Sometimes work was just what you clocked into while you were falling in love. Sometimes sex was just something you did while you weren't at work. Drugs were something you did sometimes when you couldn't deal with one of those things, or with yourself. The City was so expensive and so grueling sometimes that it was easy to be unsure why you were there. Many were there to make money, money that could largely only be made there, in the long spiny arms of industries that could never grow anywhere else or anywhere smaller. Some people just liked it, its loudness and crowdedness and surprises. Some started there for a reason and then couldn't imagine being anywhere else, but maybe lost track of that reason along the way. Some people had a plan. Some were just chancing it. Either way the months flew by, and over the years you came up with something or you came up with not much.
I didn’t tell him that I grew up in an ugly city that taught me how to look between dust and rubbish and potholes to find a splinter of glass that looked like unmelting ice, beautiful in its defiance of the sun.
Simple and natural things are free from obscenity and vulgarity. The woman who lifts her breasts with a tight fitting brassier only reduces her feminine attractiveness by her efforts. The mature villager today is educated on the folk tales created by his ancestors who had drunk at the fount of experience. He enjoys, perhaps unconsciously, the beauty of woodland, river,rill, brook, montane forest, birds, beasts and fish. His likes and dislikes conditioned by nature are not complex. Simple things are devoid of unpleasantness. So, what he likes is not tainted with unpleasant qualities.
Ana Claudia Antunes
If you are having private thoughts and ask an intimate friend to listen to them in privacy or on a date will that be considered too intimi-dating? And if the thoughts are proved to be untrue, but your friend still insists on believing in them anyway, would that be considered a cons-piracy?
Can society be blamed for thinking that one who did not share another's sorrows, was not stirred by injustice, did not shed a tear for the dead, was not provoked by taunts and insults, is a barren, anti-social human being?
From the time I arrived in British East Africa at the indifferent age of four and went through the barefoot stage of early youth hunting wild pig with the Nandi, later training racehorses for a living, and still later scouting Tanganyika and the waterless bush country between the Tana and Athi Rivers, by aeroplane, for elephant, I remained so happily provincial I was unable to discuss the boredom of being alive with any intelligence until I had gone to London and lived there for a year. Boredom, like hookworm, is endemic.
An urbanite does not become a civilized person just because he has had an education. What one assimilates in the city is book-learning and knowledge derived through emulating educated men. But that alone will not make him a civilized person. A man of simple tastes becomes complex through education because he desires to become complex. That is why a lot of educated men enjoy vulgar and obscene things. The cinema has become a vulgar philistine art form. The enormous motor car with its bloated body is a vulgar vehicle. It is difficult to create a complex thing without some vulgarity and grossness. Amongst the things valued by the educated, it is difficult to find things untainted by vulgarity. People who cannot distinguish between grossness and refinement are not uncommon among the urban educated because for many, the measure of civilization is its complexity.
With lack of sleep and too much understanding I grow a little crazy, I think, like all men at sea who live too close to each other and too close thereby to all that is monstrous under the sun and moon.
Street culture is a culture of containment. Most young people do not realize that it all too often leads to a “dead end”. “Street culture,” as I am using the term, is a counterforce to movement culture. Street culture in contemporary urban reality is synonymous with survival at all costs. This world view is mostly negative, because it demands constant adjustment to circumstances that are often far beyond young people’s control or understanding, such as economics, education, housing, employment, nutrition, law, and so forth.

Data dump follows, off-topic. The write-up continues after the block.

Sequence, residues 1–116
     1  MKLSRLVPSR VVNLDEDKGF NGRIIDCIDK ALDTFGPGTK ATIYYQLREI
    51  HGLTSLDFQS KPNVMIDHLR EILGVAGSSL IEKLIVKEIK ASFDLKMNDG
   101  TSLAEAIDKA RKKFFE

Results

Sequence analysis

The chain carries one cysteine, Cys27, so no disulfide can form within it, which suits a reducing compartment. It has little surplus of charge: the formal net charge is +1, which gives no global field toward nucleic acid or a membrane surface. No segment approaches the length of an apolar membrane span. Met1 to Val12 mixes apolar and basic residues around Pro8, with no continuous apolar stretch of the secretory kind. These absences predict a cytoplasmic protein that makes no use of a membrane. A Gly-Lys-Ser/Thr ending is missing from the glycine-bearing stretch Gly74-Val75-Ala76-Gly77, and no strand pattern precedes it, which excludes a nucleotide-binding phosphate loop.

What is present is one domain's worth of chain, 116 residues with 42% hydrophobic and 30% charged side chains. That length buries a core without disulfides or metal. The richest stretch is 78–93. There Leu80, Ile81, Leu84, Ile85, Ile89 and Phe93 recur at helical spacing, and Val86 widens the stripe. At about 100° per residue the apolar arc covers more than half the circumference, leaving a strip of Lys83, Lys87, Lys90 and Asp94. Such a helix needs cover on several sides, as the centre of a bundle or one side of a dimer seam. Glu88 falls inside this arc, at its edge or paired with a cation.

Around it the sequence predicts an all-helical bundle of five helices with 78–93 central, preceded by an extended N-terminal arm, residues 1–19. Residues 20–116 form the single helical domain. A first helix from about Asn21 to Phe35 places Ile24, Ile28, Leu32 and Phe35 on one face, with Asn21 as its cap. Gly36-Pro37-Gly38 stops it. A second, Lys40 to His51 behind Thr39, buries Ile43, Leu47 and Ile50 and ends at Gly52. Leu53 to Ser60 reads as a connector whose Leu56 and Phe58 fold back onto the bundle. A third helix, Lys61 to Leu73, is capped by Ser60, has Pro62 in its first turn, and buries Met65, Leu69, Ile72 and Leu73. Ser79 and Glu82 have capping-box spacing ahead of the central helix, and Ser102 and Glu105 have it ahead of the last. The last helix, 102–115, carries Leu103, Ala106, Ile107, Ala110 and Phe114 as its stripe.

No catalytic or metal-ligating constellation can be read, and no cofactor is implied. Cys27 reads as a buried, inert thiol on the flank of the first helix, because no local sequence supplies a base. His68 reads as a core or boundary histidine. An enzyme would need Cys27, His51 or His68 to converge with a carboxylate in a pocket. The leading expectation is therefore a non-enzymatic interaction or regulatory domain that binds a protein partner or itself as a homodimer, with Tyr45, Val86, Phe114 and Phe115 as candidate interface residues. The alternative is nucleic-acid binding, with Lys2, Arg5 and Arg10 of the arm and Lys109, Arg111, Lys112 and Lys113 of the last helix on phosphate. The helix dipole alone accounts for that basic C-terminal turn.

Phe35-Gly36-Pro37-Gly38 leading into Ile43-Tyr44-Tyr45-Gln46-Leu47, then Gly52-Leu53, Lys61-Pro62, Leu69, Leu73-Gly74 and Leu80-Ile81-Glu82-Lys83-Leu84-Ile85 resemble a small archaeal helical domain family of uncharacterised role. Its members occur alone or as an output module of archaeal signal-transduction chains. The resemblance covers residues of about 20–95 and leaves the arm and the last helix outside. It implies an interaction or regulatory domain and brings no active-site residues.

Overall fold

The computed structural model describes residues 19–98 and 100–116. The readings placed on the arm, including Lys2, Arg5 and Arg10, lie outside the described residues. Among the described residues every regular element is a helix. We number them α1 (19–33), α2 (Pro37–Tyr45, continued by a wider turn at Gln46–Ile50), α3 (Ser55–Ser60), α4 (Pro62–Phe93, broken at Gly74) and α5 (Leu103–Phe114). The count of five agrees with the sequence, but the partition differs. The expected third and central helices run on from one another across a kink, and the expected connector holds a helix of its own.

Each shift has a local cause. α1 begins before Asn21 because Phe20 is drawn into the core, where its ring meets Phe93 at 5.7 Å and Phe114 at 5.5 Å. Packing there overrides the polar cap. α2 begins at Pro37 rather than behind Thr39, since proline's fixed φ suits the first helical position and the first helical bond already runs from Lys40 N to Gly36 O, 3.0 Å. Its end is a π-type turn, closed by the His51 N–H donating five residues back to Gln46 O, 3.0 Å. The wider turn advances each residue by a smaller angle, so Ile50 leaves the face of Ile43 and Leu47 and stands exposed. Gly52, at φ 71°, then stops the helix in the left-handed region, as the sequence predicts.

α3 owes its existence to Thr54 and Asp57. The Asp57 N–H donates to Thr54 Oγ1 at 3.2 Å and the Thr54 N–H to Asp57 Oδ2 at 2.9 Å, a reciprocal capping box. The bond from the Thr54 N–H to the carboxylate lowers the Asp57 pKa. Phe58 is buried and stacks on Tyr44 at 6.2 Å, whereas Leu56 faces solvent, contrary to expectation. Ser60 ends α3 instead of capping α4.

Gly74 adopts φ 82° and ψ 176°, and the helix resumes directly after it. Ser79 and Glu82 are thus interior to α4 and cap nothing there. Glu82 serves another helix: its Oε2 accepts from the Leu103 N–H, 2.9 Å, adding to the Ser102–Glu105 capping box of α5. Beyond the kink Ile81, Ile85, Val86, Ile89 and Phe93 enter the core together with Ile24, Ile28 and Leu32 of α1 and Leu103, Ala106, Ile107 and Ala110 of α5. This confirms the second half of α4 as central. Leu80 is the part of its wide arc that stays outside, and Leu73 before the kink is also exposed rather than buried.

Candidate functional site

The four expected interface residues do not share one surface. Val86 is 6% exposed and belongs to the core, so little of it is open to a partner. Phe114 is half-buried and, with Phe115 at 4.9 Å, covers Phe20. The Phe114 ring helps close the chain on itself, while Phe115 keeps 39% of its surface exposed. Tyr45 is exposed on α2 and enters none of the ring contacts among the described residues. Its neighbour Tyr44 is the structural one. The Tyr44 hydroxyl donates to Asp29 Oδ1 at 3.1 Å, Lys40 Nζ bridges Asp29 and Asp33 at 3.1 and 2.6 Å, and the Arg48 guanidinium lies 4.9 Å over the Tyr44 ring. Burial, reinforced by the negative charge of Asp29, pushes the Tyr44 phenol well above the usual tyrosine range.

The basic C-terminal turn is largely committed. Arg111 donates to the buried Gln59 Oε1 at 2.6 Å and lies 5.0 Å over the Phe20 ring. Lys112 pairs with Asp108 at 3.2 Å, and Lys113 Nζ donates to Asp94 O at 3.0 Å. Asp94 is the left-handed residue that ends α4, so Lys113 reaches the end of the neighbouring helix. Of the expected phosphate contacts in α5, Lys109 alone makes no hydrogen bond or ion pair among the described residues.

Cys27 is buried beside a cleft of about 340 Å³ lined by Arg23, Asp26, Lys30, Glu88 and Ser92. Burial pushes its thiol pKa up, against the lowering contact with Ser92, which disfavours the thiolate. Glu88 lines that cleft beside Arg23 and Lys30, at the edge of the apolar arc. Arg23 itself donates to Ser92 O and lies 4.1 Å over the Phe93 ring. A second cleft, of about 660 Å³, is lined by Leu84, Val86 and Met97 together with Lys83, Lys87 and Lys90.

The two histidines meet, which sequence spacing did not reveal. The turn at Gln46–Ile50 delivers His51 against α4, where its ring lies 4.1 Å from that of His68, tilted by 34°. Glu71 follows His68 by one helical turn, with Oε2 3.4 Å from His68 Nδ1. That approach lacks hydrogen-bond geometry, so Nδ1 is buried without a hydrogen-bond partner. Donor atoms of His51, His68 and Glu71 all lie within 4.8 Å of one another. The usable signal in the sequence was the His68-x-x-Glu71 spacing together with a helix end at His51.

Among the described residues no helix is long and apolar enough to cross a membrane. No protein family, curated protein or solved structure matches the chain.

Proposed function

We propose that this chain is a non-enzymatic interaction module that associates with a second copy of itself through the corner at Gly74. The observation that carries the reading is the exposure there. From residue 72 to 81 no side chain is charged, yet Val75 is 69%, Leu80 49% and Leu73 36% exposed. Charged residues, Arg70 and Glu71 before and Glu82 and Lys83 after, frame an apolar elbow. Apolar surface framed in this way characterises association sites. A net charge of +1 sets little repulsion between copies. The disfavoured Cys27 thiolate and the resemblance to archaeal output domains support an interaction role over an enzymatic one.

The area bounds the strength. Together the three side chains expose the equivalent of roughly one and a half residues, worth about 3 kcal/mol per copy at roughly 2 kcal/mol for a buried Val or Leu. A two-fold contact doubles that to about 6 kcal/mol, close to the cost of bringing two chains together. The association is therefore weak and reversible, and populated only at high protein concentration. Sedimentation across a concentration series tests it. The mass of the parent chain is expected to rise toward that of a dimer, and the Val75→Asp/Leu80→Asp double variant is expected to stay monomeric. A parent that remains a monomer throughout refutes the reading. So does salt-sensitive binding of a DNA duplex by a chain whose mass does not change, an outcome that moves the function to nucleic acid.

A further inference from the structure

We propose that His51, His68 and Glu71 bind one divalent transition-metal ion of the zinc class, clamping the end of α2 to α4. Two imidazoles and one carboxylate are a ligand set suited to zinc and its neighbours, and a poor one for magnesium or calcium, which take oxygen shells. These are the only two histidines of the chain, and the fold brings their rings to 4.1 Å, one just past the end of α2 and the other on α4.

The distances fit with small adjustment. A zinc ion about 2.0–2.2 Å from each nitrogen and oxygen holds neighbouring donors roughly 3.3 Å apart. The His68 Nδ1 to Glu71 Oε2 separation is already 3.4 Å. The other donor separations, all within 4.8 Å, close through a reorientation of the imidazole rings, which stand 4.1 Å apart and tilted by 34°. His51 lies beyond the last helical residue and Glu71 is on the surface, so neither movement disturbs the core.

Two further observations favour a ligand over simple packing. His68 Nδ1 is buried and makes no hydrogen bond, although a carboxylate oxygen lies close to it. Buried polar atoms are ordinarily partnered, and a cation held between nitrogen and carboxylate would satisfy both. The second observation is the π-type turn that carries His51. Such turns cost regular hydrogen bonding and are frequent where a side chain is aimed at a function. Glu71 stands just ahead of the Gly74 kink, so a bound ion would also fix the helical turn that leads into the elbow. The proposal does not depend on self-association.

It (urban peacekeeping) was quite a task, requiring a permanent balancing act between communities, each with their own interests, festivals, traditions and historical rivalries imported from the wide-open spaces of the countryside into close quarters.
He should make you smile...always...and when he makes you cry it should be out of passion!
The first problem of living is to minimize friction with the crowds that surround you on all sides.
I waited in vain for someone like me to stand up and say that the only thing those of us who don't believe in god have to believe is in other people and that New York City is the best place there ever was for a godless person to practice her moral code. I think it has to do with the crowded sidewalks and subways. Walking to and from the hardware store requires the push and pull of selfishness and selflessness, taking turns between getting out of someone's way and them getting out of yours, waiting for a dog to move, helping a stroller up steps, protecting the eyes from runaway umbrellas. Walking in New York is a battle of the wills, a balance of aggression and kindness. I'm not saying it's always easy. The occasional "Watch where you're going, bitch" can, I admit, put a crimp in one's day. But I believe all that choreography has made me a better person. The other day, in the subway at 5:30, I was crammed into my sweaty, crabby fellow citizens, and I kept whispering under my breath "we the people, we the people" over and over again, reminding myself we're all in this together and they had as much right - exactly as much right - as I to be in the muggy underground on their way to wherever they were on their way to.
You're telling me a shape-shifting demon just walked out onto Fifth Avenue and blended in with the crowd?" I asked. "Hailed a fucking cab after tearing everyone to pieces down here?
Imagine having a city full of things that no other city had.
The poor commit villainies because they are poor or because they have no alternative employment. But the rich do them in order to enjoy themselves more or to earn more money.
In the street, he turned west and walked against a tide of blank-eyed, gum-chewing faces. A taxi went over a manhole cover, clink-clank. Steam was rising from an excavation at the corner. The world was like a puzzle with half the pieces missing. What was the pont of all these drab buildings, this dirty sky?